My Immersion Experience – Bliss Green

Students have their first immersion (pharmacy rotation) the summer after their PY1 year. They are placed in either a hospital (health system) or community pharmacy. For more information about our curriculum, click here.

Name: Bliss Green
Year: PY2 (Class of 2019)
Rotation: Health System

Where was your immersion located?

UNC Hospital, Cardiac ICU and Central Inpatient Pharmacy/Sterile Products Area

How did you prepare for your immersion experience?

Throughout the second semester of the PY1 year, there will be a few informational meetings that discuss the requirements for various immersion sites and important dates to make sure everyone is on the same page. I reached out to my preceptor about one month before my immersion to introduce myself, ask if he wanted me to have anything prepared for my first day, and set a location/time to meet him. Before my first day of my immersion, I made a trip over to UNC hospital to make sure I knew where to go and to make sure I could connect to the hospital WIFI. I highly recommend this, especially if you are prone to getting lost like me! You don’t want to be late or unprepared on your first day. Besides that, there was not extensive preparation needed before the start of the first immersion.

What was a typical day like?

For the first month of my rotation, I was in the cardiac ICU working with advanced heart failure patients alongside my preceptor, a PGY2 pharmacy resident, and a PY4 pharmacy student. I was assigned patients by my preceptor and followed them throughout their admission (I started with one patient at a time and then worked my way up 3 patients towards the end of the month). A typical day started around 7am. I would look up newly admitted patients on my unit, particularly patients labeled as “high risk for readmission” and perform a medication history assessment. Basically, I would print their list of medications, go find their room, and interview them on which medications they are actually taking and how they are taking them (as well as the last dose). I would then call their pharmacy to confirm fill-dates and make note of any discrepancies. After medication histories, I would open my assigned patient’s medical records on EPIC (UNC’s electronic health record database) and analyze any changes in labs, vitals, medications, notes from physicians, etc. from the night before. Based on this data, I would begin writing my SOAP note that included my assessment of the patient’s status and my proposed plan for each problem. I would then attend rounds with the entire medical team. This is where I could hear the discussion about my patients and make any medicine recommendations to the team. After lunch, I would present my note/findings to my preceptor and we would have a discussion/mini-lecture on the medications involved. The end of my day usually consisted of independent research assigned to me by my preceptor to support our discussion and my recommendations, updating my patient’s notes in EPIC, and discharge counseling in the cases where my assigned patient was ready to go home. I was usually finished around 4:30pm. Some days I also attended journal club, medication safety meetings, transplant discussion meeting, and lectures/discussions with other students/preceptors. I also spent one day with a nurse to witness their role and how they administer the medications. Lastly, I was lucky enough to shadow two serious operations.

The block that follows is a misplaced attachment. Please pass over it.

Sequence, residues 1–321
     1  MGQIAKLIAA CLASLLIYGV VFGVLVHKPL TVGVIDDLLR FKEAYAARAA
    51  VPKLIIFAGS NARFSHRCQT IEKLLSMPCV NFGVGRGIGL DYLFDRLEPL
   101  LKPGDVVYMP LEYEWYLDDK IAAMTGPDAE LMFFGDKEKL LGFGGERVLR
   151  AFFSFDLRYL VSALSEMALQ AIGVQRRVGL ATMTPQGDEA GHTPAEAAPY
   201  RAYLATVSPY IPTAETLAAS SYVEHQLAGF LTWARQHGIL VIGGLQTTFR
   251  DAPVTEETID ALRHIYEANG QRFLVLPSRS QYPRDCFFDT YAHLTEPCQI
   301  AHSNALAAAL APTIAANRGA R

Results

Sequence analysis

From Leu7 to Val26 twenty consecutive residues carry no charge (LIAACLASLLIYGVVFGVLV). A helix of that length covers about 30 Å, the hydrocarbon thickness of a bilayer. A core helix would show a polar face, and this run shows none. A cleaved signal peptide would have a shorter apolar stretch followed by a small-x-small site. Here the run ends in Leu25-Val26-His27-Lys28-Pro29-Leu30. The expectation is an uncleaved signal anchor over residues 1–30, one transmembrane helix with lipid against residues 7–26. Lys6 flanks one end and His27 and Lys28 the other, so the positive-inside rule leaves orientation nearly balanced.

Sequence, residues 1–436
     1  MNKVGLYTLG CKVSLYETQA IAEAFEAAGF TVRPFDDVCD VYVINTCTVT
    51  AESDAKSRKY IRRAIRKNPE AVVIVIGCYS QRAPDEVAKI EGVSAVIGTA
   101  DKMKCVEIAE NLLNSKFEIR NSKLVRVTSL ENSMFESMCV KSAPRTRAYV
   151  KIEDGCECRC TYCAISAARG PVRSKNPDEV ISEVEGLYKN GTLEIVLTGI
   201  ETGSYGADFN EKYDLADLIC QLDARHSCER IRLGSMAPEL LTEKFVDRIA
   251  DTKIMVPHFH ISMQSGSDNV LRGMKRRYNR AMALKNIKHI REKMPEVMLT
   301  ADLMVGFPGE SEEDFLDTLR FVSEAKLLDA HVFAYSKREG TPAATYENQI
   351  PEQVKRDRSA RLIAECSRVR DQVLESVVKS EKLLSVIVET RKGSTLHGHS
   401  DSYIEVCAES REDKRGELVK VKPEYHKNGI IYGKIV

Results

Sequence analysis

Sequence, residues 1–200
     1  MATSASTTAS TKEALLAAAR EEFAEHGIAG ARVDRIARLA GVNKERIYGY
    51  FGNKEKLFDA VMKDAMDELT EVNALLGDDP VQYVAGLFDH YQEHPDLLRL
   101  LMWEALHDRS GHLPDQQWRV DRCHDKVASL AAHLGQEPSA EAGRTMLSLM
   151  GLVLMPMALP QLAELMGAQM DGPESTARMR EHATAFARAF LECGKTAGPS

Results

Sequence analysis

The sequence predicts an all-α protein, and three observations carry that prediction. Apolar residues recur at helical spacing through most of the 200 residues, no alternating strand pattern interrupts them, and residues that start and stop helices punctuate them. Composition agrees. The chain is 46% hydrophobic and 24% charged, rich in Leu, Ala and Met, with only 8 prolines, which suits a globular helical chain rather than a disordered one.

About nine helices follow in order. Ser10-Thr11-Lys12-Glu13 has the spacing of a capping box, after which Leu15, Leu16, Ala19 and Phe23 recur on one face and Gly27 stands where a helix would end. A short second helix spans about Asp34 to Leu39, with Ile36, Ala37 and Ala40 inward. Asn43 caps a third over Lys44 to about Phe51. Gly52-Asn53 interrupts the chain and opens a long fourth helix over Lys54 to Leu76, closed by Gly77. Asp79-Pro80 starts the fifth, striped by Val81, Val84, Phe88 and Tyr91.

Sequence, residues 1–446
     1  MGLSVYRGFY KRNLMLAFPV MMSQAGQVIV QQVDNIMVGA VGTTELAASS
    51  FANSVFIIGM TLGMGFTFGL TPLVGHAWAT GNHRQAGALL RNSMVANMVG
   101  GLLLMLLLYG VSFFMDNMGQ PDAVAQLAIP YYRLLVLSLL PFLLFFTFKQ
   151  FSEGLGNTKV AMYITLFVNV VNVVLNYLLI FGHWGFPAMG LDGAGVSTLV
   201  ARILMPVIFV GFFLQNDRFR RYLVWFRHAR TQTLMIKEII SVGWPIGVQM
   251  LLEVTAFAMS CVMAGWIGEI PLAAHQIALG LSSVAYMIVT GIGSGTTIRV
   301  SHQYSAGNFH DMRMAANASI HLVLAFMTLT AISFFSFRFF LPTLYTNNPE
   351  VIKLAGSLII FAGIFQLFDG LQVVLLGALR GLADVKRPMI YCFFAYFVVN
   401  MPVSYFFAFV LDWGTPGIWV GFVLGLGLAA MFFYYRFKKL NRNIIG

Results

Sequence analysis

What did you like about your rotation?

I liked everything about my rotation! Especially my clinical month in the cardiac ICU. Everything became so real when I stepped foot into the unit. I was challenged on a daily basis and never stopped learning. My preceptor was a phenomenal teacher and a true role model as a pharmacist/professional. I loved seeing how valued and respected he was as the medication expert on the healthcare team. The experience truly motivated me and made me excited about my career path.

What part of your immersion was most surprising and/or interesting to you?